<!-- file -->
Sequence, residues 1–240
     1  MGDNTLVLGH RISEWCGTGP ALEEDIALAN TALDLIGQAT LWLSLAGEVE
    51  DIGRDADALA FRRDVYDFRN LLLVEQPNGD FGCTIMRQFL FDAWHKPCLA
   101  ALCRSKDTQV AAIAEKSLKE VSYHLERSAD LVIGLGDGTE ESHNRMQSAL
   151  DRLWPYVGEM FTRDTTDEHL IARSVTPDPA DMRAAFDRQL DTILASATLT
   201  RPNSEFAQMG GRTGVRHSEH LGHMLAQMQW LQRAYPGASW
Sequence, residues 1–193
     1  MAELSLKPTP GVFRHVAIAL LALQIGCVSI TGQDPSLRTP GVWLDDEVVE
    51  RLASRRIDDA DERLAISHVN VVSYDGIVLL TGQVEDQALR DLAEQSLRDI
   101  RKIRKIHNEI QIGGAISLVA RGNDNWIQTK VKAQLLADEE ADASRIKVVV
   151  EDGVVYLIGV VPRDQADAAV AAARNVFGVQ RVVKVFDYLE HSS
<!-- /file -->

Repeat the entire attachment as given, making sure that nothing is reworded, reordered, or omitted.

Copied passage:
Sequence, residues 1–240
     1  MGDNTLVLGH RISEWCGTGP ALEEDIALAN TALDLIGQAT LWLSLAGEVE
    51  DIGRDADALA FRRDVYDFRN LLLVEQPNGD FGCTIMRQFL FDAWHKPCLA
   101  ALCRSKDTQV AAIAEKSLKE VSYHLERSAD LVIGLGDGTE ESHNRMQSAL
   151  DRLWPYVGEM FTRDTTDEHL IARSVTPDPA DMRAAFDRQL DTILASATLT
   201  RPNSEFAQMG GRTGVRHSEH LGHMLAQMQW LQRAYPGASW
Sequence, residues 1–193
     1  MAELSLKPTP GVFRHVAIAL LALQIGCVSI TGQDPSLRTP GVWLDDEVVE
    51  RLASRRIDDA DERLAISHVN VVSYDGIVLL TGQVEDQALR DLAEQSLRDI
   101  RKIRKIHNEI QIGGAISLVA RGNDNWIQTK VKAQLLADEE ADASRIKVVV
   151  EDGVVYLIGV VPRDQADAAV AAARNVFGVQ RVVKVFDYLE HSS